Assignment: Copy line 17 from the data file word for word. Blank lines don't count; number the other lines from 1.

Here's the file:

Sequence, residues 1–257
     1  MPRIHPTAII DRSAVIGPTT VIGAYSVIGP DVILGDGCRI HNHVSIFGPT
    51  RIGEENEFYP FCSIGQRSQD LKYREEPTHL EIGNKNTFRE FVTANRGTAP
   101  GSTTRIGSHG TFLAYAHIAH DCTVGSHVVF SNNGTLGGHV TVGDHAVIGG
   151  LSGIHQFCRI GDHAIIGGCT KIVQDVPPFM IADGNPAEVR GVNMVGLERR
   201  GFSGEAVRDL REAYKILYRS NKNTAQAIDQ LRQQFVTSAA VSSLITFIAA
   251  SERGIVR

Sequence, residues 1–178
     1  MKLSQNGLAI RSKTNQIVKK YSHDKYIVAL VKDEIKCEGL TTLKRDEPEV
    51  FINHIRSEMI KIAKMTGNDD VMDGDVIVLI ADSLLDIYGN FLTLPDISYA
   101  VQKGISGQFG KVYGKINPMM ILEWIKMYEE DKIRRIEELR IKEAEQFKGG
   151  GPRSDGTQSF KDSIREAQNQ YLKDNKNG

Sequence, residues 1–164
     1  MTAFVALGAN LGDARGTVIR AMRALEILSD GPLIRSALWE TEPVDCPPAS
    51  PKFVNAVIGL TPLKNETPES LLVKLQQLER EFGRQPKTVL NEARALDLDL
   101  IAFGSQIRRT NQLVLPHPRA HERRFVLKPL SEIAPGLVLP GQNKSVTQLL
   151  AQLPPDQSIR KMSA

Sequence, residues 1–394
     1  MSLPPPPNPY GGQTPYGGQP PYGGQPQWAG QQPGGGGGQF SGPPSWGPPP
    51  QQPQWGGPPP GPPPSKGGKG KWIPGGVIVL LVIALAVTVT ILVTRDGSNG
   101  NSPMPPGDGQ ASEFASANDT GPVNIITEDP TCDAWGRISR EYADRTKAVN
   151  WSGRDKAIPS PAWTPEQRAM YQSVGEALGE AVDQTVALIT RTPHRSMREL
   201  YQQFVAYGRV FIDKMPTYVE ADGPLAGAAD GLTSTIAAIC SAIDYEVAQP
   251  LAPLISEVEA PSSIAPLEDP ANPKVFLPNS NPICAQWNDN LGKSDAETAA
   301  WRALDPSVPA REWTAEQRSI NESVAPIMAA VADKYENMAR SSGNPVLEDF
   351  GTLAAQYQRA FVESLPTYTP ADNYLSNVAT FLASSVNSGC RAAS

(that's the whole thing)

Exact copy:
   151  AQLPPDQSIR KMSA